UN officials have called on the Security Council to unite in support for an immediate de-escalation of fighting in Syria’s north-western Idlib governorate, where at least 180,000 people have been displaced in three weeks and up to 160 people killed. On 20 May, Save the Children reported that at least 38 children had been killed by shelling in Idlib and Hama governorates since 1 April.
Briefing the UN Security Council, Emergency Relief Coordinator Mark Lowcock said: “In the last three weeks we have reports that up to 160 people have been killed. At least 180,000 people have been displaced, and millions of people are crammed into an ever smaller area. 180,000 in three weeks.”
Speaking about the conditions these people now face, he said that more than 80,000 people have found themselves with “nowhere to go”, and many more are “simply parked in open fields or sheltering under trees.”
The Spokesperson for the UN High Commissioner for Human Rights Marta Hurtado stated in a press brief released on 21 May: “The UN Human Rights Office is extremely worried about the military escalation in north-western Syria, despite the announcement of a recent 72-hour ceasefire […]. The situation remains volatile and the possibility of renewed clashes is high, worsening the prospects for some 3 million civilians caught in the crossfire.”
Mr Lowock added that at least three camps for internally displaced people had come under attack and that the humanitarian response is “already stretched” and would be completely overwhelmed if a full military incursion took place. The New York Times reported that the humanitarian situation is deteriorating by the day, with at least 19 hospitals and medical centres disabled by bombing in 20 days and doctors now operating in basements.
Valerie Peay, Director of the International Observatory of Human Rights, said: “The speed that this situation is disintegrating is extremely troubling. The impact on civilians can only lead to more fatalities if these individuals are not given a safe haven. The UN Security Council has the opportunity to bring pressure on the active players to show restraint before there is more suffering”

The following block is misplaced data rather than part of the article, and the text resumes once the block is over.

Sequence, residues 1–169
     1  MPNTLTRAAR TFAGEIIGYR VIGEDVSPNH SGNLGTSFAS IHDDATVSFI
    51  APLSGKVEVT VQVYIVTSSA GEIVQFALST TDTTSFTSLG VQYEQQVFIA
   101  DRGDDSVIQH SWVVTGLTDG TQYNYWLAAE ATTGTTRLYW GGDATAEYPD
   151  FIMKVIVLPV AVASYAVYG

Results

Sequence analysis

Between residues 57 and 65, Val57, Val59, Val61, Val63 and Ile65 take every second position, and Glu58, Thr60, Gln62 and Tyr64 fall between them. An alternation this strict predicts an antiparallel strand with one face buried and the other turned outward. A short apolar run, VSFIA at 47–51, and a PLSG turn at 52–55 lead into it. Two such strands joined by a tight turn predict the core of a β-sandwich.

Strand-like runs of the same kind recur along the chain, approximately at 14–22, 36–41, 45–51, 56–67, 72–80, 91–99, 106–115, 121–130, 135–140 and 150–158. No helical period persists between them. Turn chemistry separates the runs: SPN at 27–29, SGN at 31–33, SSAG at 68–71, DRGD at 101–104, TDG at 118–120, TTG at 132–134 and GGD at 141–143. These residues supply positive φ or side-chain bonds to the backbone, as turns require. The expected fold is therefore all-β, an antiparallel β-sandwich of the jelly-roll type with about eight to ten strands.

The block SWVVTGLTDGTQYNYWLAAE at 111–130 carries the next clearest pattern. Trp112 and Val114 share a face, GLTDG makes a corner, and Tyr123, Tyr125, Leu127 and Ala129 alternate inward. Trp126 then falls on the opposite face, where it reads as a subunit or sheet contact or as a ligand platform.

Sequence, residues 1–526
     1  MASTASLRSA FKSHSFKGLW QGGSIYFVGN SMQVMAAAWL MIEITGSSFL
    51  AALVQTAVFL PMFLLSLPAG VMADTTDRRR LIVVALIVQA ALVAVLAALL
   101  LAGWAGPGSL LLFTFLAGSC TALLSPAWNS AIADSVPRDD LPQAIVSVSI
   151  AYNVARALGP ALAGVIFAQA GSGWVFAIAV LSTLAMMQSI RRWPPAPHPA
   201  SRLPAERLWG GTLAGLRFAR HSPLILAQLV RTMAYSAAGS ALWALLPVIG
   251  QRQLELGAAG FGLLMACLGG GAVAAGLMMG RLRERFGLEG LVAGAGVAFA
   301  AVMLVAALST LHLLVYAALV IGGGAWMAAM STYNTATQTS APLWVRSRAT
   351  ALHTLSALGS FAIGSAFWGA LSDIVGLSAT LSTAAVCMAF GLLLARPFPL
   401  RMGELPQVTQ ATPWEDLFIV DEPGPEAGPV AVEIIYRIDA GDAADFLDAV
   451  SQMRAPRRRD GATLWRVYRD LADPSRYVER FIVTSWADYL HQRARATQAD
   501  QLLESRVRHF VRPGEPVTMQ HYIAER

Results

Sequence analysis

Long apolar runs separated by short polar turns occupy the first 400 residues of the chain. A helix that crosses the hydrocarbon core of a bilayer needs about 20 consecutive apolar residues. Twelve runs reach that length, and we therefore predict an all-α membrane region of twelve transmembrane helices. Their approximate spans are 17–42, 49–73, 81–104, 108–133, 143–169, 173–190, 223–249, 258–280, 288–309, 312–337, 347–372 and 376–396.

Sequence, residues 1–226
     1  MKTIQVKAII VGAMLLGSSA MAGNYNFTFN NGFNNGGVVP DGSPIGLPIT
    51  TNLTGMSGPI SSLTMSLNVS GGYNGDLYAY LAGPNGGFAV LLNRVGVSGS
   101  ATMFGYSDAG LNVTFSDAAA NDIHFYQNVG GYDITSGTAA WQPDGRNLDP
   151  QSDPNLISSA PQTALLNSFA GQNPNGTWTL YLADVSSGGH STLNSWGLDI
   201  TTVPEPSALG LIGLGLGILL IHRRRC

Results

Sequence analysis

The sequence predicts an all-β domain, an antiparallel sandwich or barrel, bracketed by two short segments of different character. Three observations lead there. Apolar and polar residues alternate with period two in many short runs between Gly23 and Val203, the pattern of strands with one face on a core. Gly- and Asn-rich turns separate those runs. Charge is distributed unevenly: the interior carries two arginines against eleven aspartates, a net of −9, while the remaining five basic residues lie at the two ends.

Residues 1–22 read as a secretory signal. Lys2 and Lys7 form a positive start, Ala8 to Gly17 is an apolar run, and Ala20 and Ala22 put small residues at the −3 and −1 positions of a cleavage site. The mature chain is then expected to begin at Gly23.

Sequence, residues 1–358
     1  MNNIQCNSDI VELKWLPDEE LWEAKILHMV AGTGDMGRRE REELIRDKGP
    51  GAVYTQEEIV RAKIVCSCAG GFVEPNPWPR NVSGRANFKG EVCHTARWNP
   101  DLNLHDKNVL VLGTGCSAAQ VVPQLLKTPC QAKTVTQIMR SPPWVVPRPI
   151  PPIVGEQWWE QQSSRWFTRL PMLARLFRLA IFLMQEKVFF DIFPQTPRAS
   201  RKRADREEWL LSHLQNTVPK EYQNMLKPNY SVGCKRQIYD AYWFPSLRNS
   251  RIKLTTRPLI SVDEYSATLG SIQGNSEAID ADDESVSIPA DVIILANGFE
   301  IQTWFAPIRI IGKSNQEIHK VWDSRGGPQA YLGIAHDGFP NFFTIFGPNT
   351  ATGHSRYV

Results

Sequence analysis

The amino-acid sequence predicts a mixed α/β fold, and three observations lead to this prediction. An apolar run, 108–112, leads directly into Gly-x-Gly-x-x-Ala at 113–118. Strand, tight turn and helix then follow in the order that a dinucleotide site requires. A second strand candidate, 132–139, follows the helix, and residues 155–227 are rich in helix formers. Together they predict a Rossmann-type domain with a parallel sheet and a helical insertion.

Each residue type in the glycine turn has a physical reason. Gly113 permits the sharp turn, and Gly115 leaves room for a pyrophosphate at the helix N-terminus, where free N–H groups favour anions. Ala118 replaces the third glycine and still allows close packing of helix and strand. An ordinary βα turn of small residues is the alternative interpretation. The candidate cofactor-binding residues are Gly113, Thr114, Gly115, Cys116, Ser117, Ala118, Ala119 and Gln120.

The Idlib Province is one of the last places held by rebel groups after Syria’s eight-year civil war and half the population has fled to the city from other parts of the country. It has come under heavy attack in the past three weeks from Russian warplanes and pro-government forces. Syrian soldiers on the ground have also regained control of at least 12 villages clustered around Idlib’s southern corner, according to the Syrian Observatory for Human Rights, a war monitoring group based in Britain.
A new report from Human Rights Watch released on 21 May describes how the security services in Syria are arbitrarily detaining, disappearing, and harassing people in areas retaken from anti-government groups. According to the report, the abuse is taking place even when the government has entered into reconciliation agreements with the people involved.
Human Rights Watch has documented 11 cases of arbitrary detention and disappearance in Daraa, Eastern Ghouta, and southern Damascus. The government retook these areas from anti-government groups between February and August 2018. In all cases, the people targeted – former armed and political opposition leaders, media activists, aid workers, defectors, and family members of activists and former anti-government fighters – had signed reconciliation agreements with the government.
“Active combat has ended in much of Syria, but nothing has changed in the way intelligence branches trample rights of perceived opponents of Assad’s rule,” said Lama Fakih, acting Middle East director at Human Rights Watch. “Lack of due process, arbitrary arrests, and harassment, even in so-called reconciled areas, speak louder than empty government promises of return, reform, and reconciliation.”
Areas in government-controlled western Aleppo and northern Hama have also been affected by hostilities, resulting in civilian casualties and injuries. On 14 May, rockets hit the densely populated Neirab camp for Palestine refugees in Aleppo, killing at least nine civilians and wounding 11.
More than 65 per cent of schools in Hama have been forced to close, according to Save the Children’s partners in the area. The escalation in violence came during the final exams for the school year, stopping 250,000 students from finishing their exams. They will subsequently lose a full school year.
Sonia Khush, Save the Children’s Syria Director, said: “Entire families of up to eight people are loading everything they own on the backs of small pickup trucks, and are driving north, not knowing where they will sleep next. We have seen this happen over and over in eight years of conflict in Syria in which civilians are paying the highest price.”